Monday, November 20, 2017

Quarter of Floridians under 65 lacked health insurance in 2011

RECOMMENDED READING


FORT LAUDERDALE — Florida had the nation's second-highest rate of residents without health insurance with almost 1 out of 4 Floridians lacking it, according to new U.S. Census figures released Thursday.

Only Texas surpassed Florida's rate of 24.8 percent of residents under age 65 without health insurance in 2011, the most recent year figures are available, the census said.

Although that figure was down slightly from 2010, when 25.3 percent of Floridians were without health insurance, the rate of uninsured residents has inched up since 2008, when just over 24 percent of Floridians were without health insurance.

The half-decade spike in uninsured residents comes as the Republican-controlled Legislature ruled earlier this year not to expand Medicaid coverage to an estimated 1.1 million low-income Floridians under the federal health law.

In an unusual alliance, Gov. Rick Scott, Senate Republicans, Democrats, Florida hospitals, health advocates and a diverse mix of business and labor groups all supported a bill that would have drawn down more than $50 billion from the federal government over the next decade and allow Floridians to purchase private insurance. But leaders in the GOP-led Florida House refused to consider that proposal, saying they didn't want to take funds tied to President Barack Obama's health care overhaul.

Democrats and health advocates have since held town halls around the state pushing Scott to call a special session to discuss Medicaid expansion, but Scott has said he isn't planning to call one since House leaders haven't signaled a change of heart.

House Democratic Leader Perry Thurston, D-Fort Lauderdale, warned in a statement Thursday that Republicans will pay a political price for failing to expand Medicaid.

"The Legislature's failure to expand health coverage continues to punish working families and small businesses throughout Florida. Governor Scott and other Republican leaders who say they want to improve Florida's business competitiveness and image can make great headway by reducing this state's abysmally high number of uninsured," he said.

Florida's large numbers of small businesses, which currently aren't required to provide health insurance, as well as its tourism-oriented economy with large numbers of workers in service jobs have contributed to its historic high rate of the uninsured.

That will change under the Affordable Care Act, which requires businesses with 50 or more employees to offer coverage. But the Obama administration recently announced it would delay that provision for another year. The law also requires individuals to carry health coverage starting in 2014 or face a roughly $100 fine.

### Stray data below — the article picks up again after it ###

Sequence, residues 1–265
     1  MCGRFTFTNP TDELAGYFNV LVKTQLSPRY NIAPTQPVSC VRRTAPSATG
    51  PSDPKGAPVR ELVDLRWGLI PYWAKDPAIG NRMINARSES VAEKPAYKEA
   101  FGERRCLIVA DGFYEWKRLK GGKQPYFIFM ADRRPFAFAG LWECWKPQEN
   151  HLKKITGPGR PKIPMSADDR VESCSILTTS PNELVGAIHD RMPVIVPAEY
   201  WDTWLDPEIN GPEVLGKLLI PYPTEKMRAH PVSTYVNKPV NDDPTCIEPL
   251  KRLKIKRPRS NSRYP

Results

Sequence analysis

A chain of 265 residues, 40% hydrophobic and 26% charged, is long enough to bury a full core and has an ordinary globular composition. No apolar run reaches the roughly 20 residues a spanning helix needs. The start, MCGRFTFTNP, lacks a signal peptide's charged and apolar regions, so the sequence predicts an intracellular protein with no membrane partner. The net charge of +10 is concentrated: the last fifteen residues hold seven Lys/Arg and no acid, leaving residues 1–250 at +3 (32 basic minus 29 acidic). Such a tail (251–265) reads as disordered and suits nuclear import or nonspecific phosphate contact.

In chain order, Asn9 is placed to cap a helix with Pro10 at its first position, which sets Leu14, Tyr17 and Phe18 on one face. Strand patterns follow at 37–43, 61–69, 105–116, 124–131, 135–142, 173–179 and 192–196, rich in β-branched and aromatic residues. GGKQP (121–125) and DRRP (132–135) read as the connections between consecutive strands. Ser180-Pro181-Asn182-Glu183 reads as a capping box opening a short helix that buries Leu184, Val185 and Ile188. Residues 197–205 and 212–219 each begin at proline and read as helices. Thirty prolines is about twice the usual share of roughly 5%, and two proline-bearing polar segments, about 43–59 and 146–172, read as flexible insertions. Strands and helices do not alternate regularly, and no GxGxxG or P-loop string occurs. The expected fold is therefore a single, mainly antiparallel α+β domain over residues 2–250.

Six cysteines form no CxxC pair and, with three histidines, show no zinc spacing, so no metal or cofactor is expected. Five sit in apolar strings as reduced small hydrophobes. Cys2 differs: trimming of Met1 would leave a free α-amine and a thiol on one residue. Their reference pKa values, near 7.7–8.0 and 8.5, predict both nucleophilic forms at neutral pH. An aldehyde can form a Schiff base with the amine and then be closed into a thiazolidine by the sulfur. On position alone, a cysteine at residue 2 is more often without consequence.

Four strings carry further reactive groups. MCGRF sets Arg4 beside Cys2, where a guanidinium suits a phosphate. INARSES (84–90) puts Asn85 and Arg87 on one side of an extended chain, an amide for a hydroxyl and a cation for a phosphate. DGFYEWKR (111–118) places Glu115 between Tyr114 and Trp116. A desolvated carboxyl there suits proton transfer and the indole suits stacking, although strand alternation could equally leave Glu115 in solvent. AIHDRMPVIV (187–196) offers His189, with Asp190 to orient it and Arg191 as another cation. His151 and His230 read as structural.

Individuals can still go online and shop for insurance on the new state exchange starting Oct. 1.

Comments
War on I-4 predictions

War on I-4 predictions

Who will win the USF-UCF showdown on Friday? The Times' college football staff offers up thoughts on the rivalry.Joey Knight, @TBTimes_BullsUCF, 41-28. While I can envision the Bulls enthralling their fan base by unleashing the sleek components ...
Updated: 4 minutes ago
Gerald McCoy, Ndamukong Suh and why this man is smiling

Gerald McCoy, Ndamukong Suh and why this man is smiling

The topic for the Times' set-up package  for Bucs-Dolphins in Sunday's editions was Gerald McCoy vs. Ndamukong Suh.Admittedly, it's not James Winston vs. Marcus Mariota, but the two defensive linemen were taken back to back in the 2010 NFL Draft...
Updated: 6 minutes ago

Judge: Detention center must rework asylum-seekers' parole

A federal judge has ruled that a detention center in New York state must reform how it decides parole for asylum
Updated: 7 minutes ago

Confederate Motors rebranding as Curtiss Motorcycles in 2018

High-end motorcycle maker Confederate Motors Inc. is changing its name and abandoning internal combustion engines
Updated: 8 minutes ago

UN chief urges probe of migrants' sale in Libya as slaves

U.N. Secretary-General Antonio Guterres is calling for an immediate investigation into the reported sale of African migrants in Libya, saying transactions may amount to crimes against humanity
Updated: 9 minutes ago

New York Times reporter suspended in harassment probe

The New York Times says it has suspended White House reporter Glenn Thrush while it investigates harassment charges
Updated: 10 minutes ago
West Virginia QB Will Grier undergoes surgery, out 4-6 weeks

West Virginia QB Will Grier undergoes surgery, out 4-6 weeks

West Virginia quarterback Will Grier has undergone surgery to repair a broken finger in his throwing hand and will miss 4 to 6 weeks
Updated: 11 minutes ago

Family says they're optimistic of Tom Ridge's full recovery

The family of former U.S. Homeland Security Secretary Tom Ridge says they're cautiously optimistic that he'll make a full recovery, four days after suffering a heart attack
Updated: 12 minutes ago

13 hurt in explosions, fire at upstate NY cosmetics factory

Authorities say 13 people, including five firefighters, have been injured by two explosions and a fire at a cosmetics factory in the Hudson Valley
Updated: 13 minutes ago
Online voter registration favors Democrats over GOP in early run

Online voter registration favors Democrats over GOP in early run

In the first month of online voter registration in Florida, more than 8,000 people electronically joined the voter rolls in Florida, and Democrats favor the new system over Republicans.It’s only one month, so it’s hardly a definitive tren...
Updated: 13 minutes ago